Siemens and Rosatom have followed up their recent discussions by signing a Memorandum of Understanding (MoU) on the creation of a nuclear joint venture just one month after the German firm was invited to hold talks with the Russian state-owned firm. They believe that the move will help them to capitalise on the resurgent world nuclear market. The two companies say that their proposed partnership will help them to become world leaders in the international nuclear power business.

The MoU envisages a joint venture with Rosatom holding 50 per cent plus one share. The Russian firm is the only company in the world that covers the entire nuclear value chain and the partnership potentially gives Siemens access to a wide range of business opportunities.

The proposed joint venture will initially focus on the development of Russian VVER reactor technology as well as marketing, sales, new plant construction and the upgrade and modernization of existing nuclear plants. Siemens brings to the partnership extensive knowledge of the conventional islands of nuclear power plants as well as project management experience.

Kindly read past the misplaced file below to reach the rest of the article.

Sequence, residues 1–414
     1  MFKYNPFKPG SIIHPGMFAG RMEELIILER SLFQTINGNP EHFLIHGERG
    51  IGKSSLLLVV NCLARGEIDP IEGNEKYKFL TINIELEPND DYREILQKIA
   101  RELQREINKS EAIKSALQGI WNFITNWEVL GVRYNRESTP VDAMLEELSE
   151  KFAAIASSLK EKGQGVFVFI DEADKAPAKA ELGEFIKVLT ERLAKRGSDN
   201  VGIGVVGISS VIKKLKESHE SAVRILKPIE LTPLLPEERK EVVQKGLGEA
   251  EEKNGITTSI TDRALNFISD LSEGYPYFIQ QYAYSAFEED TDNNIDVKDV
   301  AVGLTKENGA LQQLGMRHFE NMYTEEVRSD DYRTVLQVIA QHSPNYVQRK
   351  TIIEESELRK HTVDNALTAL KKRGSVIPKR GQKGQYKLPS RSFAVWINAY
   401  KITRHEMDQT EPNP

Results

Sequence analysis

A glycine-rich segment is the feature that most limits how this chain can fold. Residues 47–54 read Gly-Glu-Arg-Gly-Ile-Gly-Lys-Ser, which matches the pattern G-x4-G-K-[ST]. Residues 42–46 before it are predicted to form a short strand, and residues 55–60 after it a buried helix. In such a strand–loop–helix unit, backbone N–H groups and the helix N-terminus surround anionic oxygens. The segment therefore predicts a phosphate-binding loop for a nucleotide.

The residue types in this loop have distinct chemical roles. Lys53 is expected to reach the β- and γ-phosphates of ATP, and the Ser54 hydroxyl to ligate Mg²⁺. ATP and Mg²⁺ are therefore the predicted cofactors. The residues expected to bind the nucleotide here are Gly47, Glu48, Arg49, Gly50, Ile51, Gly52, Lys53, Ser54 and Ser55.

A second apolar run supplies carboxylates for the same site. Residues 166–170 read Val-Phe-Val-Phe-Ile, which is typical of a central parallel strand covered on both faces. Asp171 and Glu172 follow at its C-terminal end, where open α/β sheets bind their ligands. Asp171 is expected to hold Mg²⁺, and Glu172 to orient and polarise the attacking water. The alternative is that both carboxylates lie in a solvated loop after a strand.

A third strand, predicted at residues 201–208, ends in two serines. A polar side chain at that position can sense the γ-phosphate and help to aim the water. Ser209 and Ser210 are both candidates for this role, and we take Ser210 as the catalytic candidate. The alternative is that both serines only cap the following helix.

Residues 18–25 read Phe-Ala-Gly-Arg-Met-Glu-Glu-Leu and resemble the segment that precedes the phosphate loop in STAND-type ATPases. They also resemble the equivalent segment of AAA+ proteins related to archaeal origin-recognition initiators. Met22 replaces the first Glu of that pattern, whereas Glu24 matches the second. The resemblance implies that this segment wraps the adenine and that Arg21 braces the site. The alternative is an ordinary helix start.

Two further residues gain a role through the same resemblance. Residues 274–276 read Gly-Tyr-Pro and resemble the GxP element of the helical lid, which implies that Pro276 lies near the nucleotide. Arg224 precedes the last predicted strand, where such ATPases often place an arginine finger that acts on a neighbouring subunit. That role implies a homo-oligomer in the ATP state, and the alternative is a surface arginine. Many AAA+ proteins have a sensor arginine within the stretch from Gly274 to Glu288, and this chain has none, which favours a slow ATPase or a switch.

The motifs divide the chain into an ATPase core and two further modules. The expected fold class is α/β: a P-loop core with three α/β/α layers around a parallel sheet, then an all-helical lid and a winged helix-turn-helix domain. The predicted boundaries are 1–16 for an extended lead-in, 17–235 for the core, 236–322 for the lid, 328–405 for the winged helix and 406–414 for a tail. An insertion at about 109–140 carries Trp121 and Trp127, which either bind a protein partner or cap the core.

“The progress made in the talks shows that we really understand each other well by virtue of our experiences in joint activities and projects,” underlined Sergey V. Kirienko, General Director of Rosatom. “In a fully fledged partnership with Siemens we want to become the world market leader in nuclear power business. I am looking forward to soon making next successful steps in our negotiations.”

The deal between the two companies is expected to be finalised in May, allowing the two companies to move forward with plans for the global nuclear market.

Siemens forecasts that by 2030, some 400 new nuclear power plants will have been built, representing a total investment of more than EUR1000 billion. The German conglomerate, which recently backed out of its nuclear joint venture with France’s Areva, believes the deal will help it to fight off competition from Westinghouse and GE.

Completion of the deal with Rosatom will pressure on Siemens and Areva to complete their split in the nuclear business, which was announced in January 2009. The two companies have, in theory, three years to complete the sale of Siemens shares in Areva NP, but competition issues may now require that this is wrapped up in months.

Siemens decided to sell its 34 per cent stake in Areva NP due to the lack of strategic influence that it had in the partnership and its desire to pursue its own growth plans for the nuclear market.